The Day After' Was World War III TV That Scared Even Reagan
By | November 18, 2020
In 1983, the TV movie The Day After brought a grim vision of nuclear holocaust into American living rooms when it aired on ABC. In the lead-up to the show, controversy brewed over the graphic depictions of Cold War destruction and its aftermath; in response, ABC set up a hotline for those disturbed by the movie, and convened a panel of celebrity experts to discuss the subject matter afterward. Did the show provide useful catharsis, or was it lurid sensationalism? It was both, though there is some evidence that The Day After made an impression on world leaders, including President Ronald Reagan. Whatever the case, it was a phenomenon unlike anything TV had seen, becoming the highest rated television film in history, a record that it held until 2009.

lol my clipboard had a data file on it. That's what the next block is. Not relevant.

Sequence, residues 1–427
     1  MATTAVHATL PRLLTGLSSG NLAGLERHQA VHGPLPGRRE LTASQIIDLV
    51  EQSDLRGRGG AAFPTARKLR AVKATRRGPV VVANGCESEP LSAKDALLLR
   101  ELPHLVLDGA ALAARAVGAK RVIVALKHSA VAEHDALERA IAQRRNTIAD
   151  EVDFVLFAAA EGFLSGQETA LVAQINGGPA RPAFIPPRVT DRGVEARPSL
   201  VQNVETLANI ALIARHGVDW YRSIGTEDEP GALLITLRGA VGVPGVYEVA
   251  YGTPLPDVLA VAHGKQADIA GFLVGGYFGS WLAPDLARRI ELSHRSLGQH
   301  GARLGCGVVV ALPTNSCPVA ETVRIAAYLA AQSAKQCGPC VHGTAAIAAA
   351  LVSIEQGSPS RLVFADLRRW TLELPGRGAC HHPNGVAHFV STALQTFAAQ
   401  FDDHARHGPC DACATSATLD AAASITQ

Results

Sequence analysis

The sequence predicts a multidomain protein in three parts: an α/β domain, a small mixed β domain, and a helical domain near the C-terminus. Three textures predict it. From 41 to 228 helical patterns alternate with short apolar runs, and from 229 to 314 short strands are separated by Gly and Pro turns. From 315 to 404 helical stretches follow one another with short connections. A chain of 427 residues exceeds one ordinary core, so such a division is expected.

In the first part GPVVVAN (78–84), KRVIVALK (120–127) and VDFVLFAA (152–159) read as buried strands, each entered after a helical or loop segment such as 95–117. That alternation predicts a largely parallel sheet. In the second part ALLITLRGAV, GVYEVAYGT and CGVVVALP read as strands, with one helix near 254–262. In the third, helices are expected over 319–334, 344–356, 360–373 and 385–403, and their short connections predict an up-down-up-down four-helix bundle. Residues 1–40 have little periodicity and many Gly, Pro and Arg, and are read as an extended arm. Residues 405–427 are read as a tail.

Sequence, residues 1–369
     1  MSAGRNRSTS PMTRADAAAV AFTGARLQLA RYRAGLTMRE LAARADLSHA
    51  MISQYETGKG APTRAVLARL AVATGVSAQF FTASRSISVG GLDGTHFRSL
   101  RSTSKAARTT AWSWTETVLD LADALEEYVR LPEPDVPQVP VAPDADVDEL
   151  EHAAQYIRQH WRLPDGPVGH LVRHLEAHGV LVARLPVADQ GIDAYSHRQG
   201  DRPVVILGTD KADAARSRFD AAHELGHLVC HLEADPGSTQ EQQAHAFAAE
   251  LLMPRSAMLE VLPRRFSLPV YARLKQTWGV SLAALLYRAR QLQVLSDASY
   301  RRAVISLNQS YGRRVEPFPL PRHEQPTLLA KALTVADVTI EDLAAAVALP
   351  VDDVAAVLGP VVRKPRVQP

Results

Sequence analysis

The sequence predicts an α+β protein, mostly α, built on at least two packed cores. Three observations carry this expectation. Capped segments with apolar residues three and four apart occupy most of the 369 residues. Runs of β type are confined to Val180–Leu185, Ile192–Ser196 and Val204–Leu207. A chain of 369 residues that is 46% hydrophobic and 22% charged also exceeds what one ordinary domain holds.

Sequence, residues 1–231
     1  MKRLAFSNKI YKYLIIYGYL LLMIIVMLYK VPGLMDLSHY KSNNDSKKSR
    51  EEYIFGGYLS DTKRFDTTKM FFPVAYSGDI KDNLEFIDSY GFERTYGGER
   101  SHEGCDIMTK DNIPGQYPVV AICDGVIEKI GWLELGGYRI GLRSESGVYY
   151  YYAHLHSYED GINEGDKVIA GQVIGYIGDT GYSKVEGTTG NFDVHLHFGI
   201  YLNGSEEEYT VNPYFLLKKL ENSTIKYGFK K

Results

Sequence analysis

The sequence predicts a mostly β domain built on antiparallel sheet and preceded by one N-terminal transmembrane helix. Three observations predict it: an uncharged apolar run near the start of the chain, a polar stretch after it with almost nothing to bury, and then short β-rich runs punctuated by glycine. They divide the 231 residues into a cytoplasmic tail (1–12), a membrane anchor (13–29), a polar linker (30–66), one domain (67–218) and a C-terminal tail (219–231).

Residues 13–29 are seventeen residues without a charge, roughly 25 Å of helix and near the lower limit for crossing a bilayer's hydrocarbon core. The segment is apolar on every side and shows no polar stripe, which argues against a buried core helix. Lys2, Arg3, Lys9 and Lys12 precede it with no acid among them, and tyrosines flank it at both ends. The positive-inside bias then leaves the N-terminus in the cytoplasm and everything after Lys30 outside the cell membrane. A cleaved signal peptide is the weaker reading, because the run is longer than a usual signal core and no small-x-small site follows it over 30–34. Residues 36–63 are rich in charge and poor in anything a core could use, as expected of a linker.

The War At The Center Of The Film
In the film, the war began when the Soviet Union started to build up the military in East Germany, behavior which the Soviet Union claims are Warsaw Pact exercises, however, the goal is to intimidate the United States, Britain and France, so they will withdraw from West Berlin. The conflict escalates when the United States refuses to back down, leading the Soviets to send armored divisions to the border between East and West Germany. Then, on September 15, rebellion within the East German Army led the Soviets to blockade West Berlin, and when the Soviets refuse to stand down, the United States puts U.S. military forces on DEFCON2 alert. By the next day, all out war has begun and the Soviet Union evacuates Moscow; major cities across the United States begin mass evacuations as well, as the war escalates. It is unclear which country detonated a nuclear weapon first, but in the aftermath, the Northwestern and Midwestern United States has been left devastated.